Picture of a tree


Growing in the shade

Family farming is a central part of this country’s culture. Lots of small-scale farmers are supported so that they can live off their crops and change the world at their own pace.

Reforest in Madagascar: Of trees and men


Located in north-eastern Madagascar, Analanjirofo is a particularly humid tropical region and one of the richest in terms of biodiversity. There is significant environmental deterioration in the country, including this region where deforestation is a major issue. Developing planting activities is therefore needed here.

The project

Thanks to our partnership with the association Reboiser à Madagascar, we planted 1,200,000 trees between 2012 and 2014. We now aim to plant 500,000 more by the end of 2023.

Overall, with Reboiser à Madagascar we will be planting a total of 1,700,000 trees in order to restore Analanjirofo’s full potential.

The 73 species grown here are characteristic of the region, with most seeds sourced directly from farmers’ harvests. Fruit tree-planting is being planned for consumption, sale, and essential oil production, meaning that the fruit trees will therefore provide long-term food supply as well as additional revenue for the farmers involved.

Local communities are very active and involved in reforesting their land. Sowers and planters here work their own land, and require training in the best techniques. Thanks to these training sessions and planting workshops, social ties within villages will be strengthened. Every year, no fewer than 735 families (around 6,000 people) work with RAM in seamlessly rolling out the reforesting plans.

A few words about the NGO

Reboiser à Madagascar was set up in 2010 and aims to reforest the island, with the focus on the Alanajirofo region.

Chances for Nature: a youthful glimmer of hope for reforestation


Madagascar is known for its exceptional fauna and flora. Yet its natural forests are among the most endangered habitats in the world. Traditional slash-and-burn farming, illegal felling and hunting of endangered and protected species threaten this unique biodiversity.

Kirindy Forest is the last remaining dry forest in the Menabe Reserve, and still the largest contiguous dry forest in Madagascar. It is home to a distinct ecosystem quite separate from the endemic biodiversity present here.

The problem is that the local community is not making biodiversity and its conservation a priority. With poverty a blight here, local residents are primarily concerned with their own survival. Young and old alike lack knowledge of sustainable alternatives. Although so crucial to the island, this topic isn’t covered in the school curriculum. For Chances for Nature (CFN), it is hugely important that the inhabitants of Menabe be steered towards sustainable development, and most importantly of all, that the depleted forests be restored.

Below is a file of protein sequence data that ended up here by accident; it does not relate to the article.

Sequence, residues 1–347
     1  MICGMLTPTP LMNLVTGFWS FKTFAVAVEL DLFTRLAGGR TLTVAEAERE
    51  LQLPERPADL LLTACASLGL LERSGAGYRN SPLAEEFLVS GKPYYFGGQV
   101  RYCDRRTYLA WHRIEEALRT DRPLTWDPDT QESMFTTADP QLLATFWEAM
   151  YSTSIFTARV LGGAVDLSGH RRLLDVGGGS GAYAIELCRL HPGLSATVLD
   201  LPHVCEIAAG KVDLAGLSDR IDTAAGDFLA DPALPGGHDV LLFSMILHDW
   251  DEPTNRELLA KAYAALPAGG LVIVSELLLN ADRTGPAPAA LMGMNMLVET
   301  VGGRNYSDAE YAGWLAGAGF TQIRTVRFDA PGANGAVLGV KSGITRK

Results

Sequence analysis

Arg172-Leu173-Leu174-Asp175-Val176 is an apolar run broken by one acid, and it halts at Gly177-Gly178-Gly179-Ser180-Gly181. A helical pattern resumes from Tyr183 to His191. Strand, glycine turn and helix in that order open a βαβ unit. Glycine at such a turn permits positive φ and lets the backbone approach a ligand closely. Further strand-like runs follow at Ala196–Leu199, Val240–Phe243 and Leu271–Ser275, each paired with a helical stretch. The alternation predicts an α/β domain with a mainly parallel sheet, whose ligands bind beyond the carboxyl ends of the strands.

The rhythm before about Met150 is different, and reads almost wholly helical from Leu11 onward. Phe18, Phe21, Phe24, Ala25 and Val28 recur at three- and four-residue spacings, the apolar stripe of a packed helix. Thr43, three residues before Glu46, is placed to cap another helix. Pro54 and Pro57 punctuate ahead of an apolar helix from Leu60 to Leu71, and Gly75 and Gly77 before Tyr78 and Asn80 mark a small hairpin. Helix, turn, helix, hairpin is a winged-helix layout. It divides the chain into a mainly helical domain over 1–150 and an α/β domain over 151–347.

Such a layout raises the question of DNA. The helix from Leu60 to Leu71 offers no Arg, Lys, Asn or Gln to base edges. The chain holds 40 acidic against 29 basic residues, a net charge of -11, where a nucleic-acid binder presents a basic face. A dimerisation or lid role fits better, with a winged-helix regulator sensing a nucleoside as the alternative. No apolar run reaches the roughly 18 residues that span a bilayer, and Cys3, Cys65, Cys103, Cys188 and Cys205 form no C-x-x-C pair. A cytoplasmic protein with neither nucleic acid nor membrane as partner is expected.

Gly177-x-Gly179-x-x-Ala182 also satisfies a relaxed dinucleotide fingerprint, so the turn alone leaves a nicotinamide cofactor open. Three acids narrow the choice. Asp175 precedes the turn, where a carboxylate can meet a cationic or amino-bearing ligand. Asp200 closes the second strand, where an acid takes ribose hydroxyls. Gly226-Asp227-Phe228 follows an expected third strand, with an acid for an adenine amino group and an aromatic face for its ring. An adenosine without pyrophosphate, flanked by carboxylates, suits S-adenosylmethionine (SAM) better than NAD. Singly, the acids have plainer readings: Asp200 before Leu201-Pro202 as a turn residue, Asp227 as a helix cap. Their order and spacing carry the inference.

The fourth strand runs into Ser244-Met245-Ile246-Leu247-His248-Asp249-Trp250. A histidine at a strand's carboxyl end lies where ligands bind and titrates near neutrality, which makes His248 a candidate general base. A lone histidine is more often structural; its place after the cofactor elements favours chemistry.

The project

Trees play an important role in the daily lives of Menabe locals. Several tree species are used for construction or as a source of energy. But due to lack of knowledge, local communities are not yet fully aware of how important it is to protect them and use them in a sustainable manner. The biggest challenge here is therefore to raise awareness of the forest’s value among local populations. Ultimately, residents will be self-sufficient in restoring and tending to depleted forest areas.

CFN intends to plant a total of 47,000 trees over 40 hectares.

The campaign will include activities such as:

  • flagship nurseries to create visibility for visitors to the region
  • market and kitchen gardens in schools to teach children about gardening and ecology
  • using the existing nursery in Marofandilia
  • transplanting seedlings
  • upkeep of reforested areas
Spotlight on the Menabe region

The region is home to more than 200 species of trees and shrubs, at least 80 species of birds, over 50 species of reptiles, 15 species of amphibians, and 27 species of endemic mammals. The world’s smallest ever primate, Microcebus berthae, is only found in the Menabe Reserve forests. The area is also known for its famous Avenue of the Baobabs, which attracts flocks of tourists every year.

More information about Chances for Nature: https://chancesfornature.org/

National Museum of Natural History


The Antrema Biocultural Site in north-western Madagascar is suffering from population growth and the consequences of climate change. Species and forest resources are finding it increasingly difficult to regenerate. Populations accustomed to collecting resources at the Antrema Biocultural Site are finding it harder and harder to obtain supplies. The National Museum of Natural History has set out to find alternative resources to fill this gap, in collaboration with local associations.

The project

The objectives of these plans to restore this 200-hectare forestland are manifold. Fast-growing species will make it possible to replenish the Antrema Biocultural Site with resources for local people. Lemurs will also be reunited with their natural habitat.

Between 2019 and 2022, we aim to plant 300,000 more trees together. But the first planting season encountered some difficulties due to two cyclones that ripped through the region, flooding nurseries and destroying crops in their wake.

However, local partners managed to find solutions to finish planting in time. The 10 nurseries initially planned were ultimately merged into five to make it easier for nursery workers to go about their tasks. Once seedlings are ready to be planted, local volunteers roll up their sleeves. All the volunteers were very proactive.

Thanks to the nurseries’ and volunteers’ hard work, the backlog was caught up. To date, planters have planted more than 257,000 trees!

If you want to find out more about our tree planting programme in France and around the world,


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